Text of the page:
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Crumbling their cookies: How the Buffalo Bills should attack the Los Angeles Chargers

Every week, I write an opinion column on a few general game-planning tactics I like for the Buffalo Bills to use against their upcoming opponent—ones I think have a chance to be successful based on personnel usage and scheme along with the strengths and weaknesses of each team. These may take many forms, though I typically try to come up with at least one tactic on offense and one on defense.

The Bills come out of their bye week hopefully recovered from a heartbreaking Hail Mary (I refuse to call it “Hail Murray”) loss to the Arizona Cardinals the last time they took the field. They will face a Los Angeles Chargers team with a sensational rookie quarterback and Offensive Rookie of the Year frontrunner in Justin Herbert. What can the Bills do to send their opponent back to the West Coast with an L? I have some thoughts...

Corners are key

Justin Herbert targets Keenan Allen almost twice as much as the next-targeted receiver on the Chargers’ roster. It’s the “Randy Ratio” all over again in Los Angeles and with good reason. Good things happen for the Chargers when they target Keenan Allen so keep going to that well. Tre’Davious White, it’s time for you to do that thing you do. White’s ability to cover Allen one-on-one will free up safety resources to help over the top of secondary wide receiver Mike Williams, who possesses the size and vertical route tree to create problems at the catch point down the field for any combination of Josh Norman, Levi Wallace, and Dane Jackson. In this particular game, I’d prefer to see Norman and Jackson take the majority of the reps against Williams. They possess the physicality that will be necessary to compete for the balls that Williams has been prone to winning thus far this year.

Do to them what Arizona did you to

The Arizona Cardinals were able to confuse the Bills’ protection on multiple occasions by putting multiple men at the line of scrimmage in a muddled front and bringing a different four or five every time they did it. Zone pressures created by the dropping of a lineman to replace the blitzer on the back end ensures you’re not losing numbers in the secondary. The Chargers’ offensive line is a weak point, and although Herbert has been a revelation thus far as a rookie, he’s still a rookie. Make their jobs harder, not easier. The blitzing capabilities of Jordan Poyer, Taron Johnson, Tremaine Edmunds, and even A.J. Klein should not go unutilized here.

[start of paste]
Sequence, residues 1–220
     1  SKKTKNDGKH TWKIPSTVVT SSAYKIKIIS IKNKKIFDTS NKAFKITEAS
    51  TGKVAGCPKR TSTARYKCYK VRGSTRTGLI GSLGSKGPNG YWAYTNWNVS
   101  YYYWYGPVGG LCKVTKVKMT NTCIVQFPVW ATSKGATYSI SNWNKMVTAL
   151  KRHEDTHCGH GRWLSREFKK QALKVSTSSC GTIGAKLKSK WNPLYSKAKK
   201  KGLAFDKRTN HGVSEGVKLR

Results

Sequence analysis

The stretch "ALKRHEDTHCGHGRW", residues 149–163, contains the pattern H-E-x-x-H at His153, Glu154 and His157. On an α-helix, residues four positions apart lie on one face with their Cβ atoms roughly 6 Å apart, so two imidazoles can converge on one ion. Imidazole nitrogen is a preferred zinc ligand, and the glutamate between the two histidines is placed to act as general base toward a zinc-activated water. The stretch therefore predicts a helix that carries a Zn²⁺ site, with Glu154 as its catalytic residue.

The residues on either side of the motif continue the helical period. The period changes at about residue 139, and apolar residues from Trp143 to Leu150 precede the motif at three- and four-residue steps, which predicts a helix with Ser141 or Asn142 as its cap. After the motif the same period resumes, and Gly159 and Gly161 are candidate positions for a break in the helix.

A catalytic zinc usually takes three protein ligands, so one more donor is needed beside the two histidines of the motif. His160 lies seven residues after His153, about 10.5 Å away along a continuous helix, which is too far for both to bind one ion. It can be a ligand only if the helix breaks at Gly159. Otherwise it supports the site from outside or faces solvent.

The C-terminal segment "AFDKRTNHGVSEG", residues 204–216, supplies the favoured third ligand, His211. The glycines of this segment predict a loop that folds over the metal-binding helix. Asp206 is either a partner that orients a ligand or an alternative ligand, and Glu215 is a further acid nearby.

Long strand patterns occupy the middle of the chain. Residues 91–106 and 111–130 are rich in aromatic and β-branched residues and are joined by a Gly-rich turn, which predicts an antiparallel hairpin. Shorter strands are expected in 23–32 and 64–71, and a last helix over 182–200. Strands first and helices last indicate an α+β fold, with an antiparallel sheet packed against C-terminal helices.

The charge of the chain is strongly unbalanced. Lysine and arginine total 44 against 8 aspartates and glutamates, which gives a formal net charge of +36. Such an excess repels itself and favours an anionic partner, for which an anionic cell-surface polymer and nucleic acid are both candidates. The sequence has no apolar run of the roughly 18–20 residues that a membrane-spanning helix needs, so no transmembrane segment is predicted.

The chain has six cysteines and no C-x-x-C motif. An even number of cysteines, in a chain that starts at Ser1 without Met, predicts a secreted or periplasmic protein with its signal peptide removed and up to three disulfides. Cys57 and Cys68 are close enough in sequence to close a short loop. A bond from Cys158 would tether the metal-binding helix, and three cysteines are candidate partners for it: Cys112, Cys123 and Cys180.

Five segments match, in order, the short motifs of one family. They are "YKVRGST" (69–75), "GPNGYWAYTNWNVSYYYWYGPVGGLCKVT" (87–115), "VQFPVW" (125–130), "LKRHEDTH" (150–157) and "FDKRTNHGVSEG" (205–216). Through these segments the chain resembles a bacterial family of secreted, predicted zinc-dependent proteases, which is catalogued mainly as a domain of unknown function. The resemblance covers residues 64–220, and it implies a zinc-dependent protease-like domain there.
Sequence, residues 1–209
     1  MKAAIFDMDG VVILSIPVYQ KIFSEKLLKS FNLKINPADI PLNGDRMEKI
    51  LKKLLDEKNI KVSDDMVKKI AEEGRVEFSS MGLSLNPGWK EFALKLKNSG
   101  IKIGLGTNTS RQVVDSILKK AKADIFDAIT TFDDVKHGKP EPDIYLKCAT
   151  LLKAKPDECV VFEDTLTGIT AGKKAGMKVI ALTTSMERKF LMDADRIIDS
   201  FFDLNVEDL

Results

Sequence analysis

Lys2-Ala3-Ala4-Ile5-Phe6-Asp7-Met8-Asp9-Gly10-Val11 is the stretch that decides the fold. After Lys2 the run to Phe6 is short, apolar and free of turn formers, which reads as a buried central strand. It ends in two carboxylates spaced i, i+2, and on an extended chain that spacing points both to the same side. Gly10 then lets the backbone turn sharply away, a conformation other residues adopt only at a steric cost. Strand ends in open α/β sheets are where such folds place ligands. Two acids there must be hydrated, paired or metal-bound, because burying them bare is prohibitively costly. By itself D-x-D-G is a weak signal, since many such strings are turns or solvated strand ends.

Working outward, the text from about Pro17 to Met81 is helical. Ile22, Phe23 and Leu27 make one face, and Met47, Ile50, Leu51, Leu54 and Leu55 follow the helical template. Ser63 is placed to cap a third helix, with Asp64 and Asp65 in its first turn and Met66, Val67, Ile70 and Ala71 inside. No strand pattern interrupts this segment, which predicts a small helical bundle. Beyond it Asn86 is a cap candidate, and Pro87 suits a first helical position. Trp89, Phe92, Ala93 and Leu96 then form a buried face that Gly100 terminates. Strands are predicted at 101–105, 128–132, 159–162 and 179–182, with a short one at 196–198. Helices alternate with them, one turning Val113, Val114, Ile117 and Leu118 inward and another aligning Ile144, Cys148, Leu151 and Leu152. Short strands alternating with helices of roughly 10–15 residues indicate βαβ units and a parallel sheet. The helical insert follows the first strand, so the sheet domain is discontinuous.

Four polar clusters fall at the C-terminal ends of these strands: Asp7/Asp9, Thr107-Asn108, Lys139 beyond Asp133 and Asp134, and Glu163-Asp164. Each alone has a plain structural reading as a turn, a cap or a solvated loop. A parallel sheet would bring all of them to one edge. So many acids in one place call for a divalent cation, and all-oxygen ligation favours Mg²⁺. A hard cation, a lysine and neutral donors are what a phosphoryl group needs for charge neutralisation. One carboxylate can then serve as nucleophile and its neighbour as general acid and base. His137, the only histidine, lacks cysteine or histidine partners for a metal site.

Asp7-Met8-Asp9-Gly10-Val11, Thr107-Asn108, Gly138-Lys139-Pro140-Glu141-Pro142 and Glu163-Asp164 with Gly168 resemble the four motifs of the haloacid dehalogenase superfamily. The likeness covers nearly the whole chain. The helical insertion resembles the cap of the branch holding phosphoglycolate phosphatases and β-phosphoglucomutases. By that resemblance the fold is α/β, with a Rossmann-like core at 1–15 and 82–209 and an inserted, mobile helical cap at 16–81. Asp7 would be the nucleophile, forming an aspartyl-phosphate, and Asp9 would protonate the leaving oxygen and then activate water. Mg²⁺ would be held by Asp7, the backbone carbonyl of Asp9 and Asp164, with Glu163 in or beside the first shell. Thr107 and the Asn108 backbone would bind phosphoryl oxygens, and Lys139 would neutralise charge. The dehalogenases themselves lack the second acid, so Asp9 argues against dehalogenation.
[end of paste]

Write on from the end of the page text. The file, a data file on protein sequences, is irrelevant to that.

Bust out the zone beaters

Gus Bradley’s defense is what it is, plenty of zone, usually not blitz heavy, and based on execution precision and pressure from the front four. At this point in the season and coming off their bye week, the Bills should have answers for any soft zone that is designed to limit big plays, and they’ve seen it multiple times this year. Whether it’s a smash concept or routes to the flats, the team and Josh Allen should be ready with the expected ways to win against zone and in particular, Cover-3.


...and that’s the way the cookie crumbles. I’m Bruce Nolan with Buffalo Rumblings. You can find me on Twitter and Instagram @BruceExclusive and look for new episodes of “The Bruce Exclusive” every Thursday and Friday on the Buffalo Rumblings podcast network!